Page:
Don Brash says house price falls "can't come soon enough" after being shocked at how much his own property has increased in value since he bought it.
The former Reserve Bank Governor told The AM Show on Thursday house prices are "still outrageously high" and "wildly excessive", despite the Auckland market stalling in recent months.
"You can't make them less excessive or more affordable without prices coming down."
He even revealed his own financial windfall from the relentless rise in prices since the global financial crisis a decade ago.
"My apartment, I paid $280,000 for it eight years ago. It's now, I'm told, worth $500-and-something thousand. Crazy."
Dr Brash, a former National Party leader, also had some rare praise for Housing Minister Phil Twyford.
"Phil Twyford gave a very interesting speech last week to the New Zealand Initiative annual dinner, which was a very important speech. Phil Twyford actually understands this issue."
In the speech, delivered on Friday, Twyford outlined three "big challenges" the Government was looking to address, including "a broken system for financing infrastructure", "a planning system based on urban containment" and "the failure of Governments until now, both local and central, to actively work with the private sector to enable urban growth and expansion".
In the 2500-word speech, Twyford only mentioned KiwiBuild once, and only in passing. Dr Brash said that's because KiwiBuild isn't the answer to bringing down prices - only a small part of it.
"The key issue is the price of land. If you pay $600,000 for 400 square metres of land in Flatbush - land - you cannot build an affordable house on it," said Dr Brash.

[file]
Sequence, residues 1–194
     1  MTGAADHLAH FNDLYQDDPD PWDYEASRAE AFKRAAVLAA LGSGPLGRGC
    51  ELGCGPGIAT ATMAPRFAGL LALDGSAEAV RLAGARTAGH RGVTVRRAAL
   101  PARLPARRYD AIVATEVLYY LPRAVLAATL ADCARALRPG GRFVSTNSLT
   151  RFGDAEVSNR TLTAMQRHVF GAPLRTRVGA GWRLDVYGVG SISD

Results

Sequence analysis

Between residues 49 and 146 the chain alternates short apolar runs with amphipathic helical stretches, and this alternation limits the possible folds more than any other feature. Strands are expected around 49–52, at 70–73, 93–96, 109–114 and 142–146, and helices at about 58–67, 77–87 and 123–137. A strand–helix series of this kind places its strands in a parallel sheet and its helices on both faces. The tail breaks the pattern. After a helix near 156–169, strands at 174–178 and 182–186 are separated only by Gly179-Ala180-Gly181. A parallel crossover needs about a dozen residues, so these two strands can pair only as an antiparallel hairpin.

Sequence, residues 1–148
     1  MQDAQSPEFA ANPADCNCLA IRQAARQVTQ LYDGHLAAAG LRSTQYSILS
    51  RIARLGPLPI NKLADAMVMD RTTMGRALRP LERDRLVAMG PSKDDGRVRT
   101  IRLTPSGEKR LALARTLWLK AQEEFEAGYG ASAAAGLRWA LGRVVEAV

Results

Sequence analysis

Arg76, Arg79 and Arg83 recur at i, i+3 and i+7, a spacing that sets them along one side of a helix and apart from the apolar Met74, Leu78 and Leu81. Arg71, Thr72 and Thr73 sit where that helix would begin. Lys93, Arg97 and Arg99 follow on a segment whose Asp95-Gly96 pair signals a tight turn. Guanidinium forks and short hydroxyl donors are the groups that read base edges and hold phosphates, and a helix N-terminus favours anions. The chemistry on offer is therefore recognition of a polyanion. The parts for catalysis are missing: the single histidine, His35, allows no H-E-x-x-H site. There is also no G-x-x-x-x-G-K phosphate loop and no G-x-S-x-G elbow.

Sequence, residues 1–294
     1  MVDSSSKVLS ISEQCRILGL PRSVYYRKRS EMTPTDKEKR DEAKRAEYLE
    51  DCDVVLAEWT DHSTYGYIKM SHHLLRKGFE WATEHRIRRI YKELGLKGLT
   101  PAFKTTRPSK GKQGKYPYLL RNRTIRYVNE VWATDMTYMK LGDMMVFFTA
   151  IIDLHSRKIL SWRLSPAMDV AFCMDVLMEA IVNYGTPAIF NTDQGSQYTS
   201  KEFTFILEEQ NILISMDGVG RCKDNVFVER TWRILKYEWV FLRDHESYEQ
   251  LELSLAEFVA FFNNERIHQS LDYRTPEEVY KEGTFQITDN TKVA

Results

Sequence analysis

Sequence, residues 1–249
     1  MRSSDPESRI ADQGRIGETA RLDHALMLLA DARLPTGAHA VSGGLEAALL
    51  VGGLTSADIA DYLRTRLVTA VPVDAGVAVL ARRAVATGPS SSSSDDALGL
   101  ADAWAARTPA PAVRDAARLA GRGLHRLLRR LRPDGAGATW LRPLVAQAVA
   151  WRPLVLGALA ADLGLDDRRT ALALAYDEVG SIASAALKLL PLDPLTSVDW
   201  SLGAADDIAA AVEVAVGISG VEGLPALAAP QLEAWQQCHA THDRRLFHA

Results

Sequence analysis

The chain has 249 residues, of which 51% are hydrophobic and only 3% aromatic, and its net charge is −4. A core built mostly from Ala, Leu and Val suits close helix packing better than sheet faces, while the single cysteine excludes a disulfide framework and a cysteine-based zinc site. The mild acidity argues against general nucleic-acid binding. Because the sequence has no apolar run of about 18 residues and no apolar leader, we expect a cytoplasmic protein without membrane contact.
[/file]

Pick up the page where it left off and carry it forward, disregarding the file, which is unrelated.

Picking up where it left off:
The Reserve Bank has indicated it is likely to drop the official cash rate soon. It's currently at a near-record low of 1.75 percent, making it easier to service a mortgage.
"Most global economies are now in a bit of what we call an easing bias - more likely to cut rates than raise rates," Frances Sweetman, senior analyst at Milford Asset Management, told The AM Show.
She said when house prices fell in Australia recently, it hurt the economy - but New Zealand isn't yet in that danger zone, so the Reserve Bank's indication it's likely to cut rates came as a surprise.
"Car sales have dropped right off and spending's been really week. We are at risk of that if our housing market gets a lot softer over the next year.
"But look - it actually seems okay to us. Retail spending in the last couple of months has been a little bit better. So the housing market's weak - particularly in Auckland, where it's really weak - but the rest of the country is seeing house prices still grow. But it seems to be relatively rational still at the moment."
Dr Brash predicts house prices will drop, but not by enough to reverse a three-decade drop in home ownership rates.
"How are your children going to afford houses? We have very unaffordable housing in New Zealand."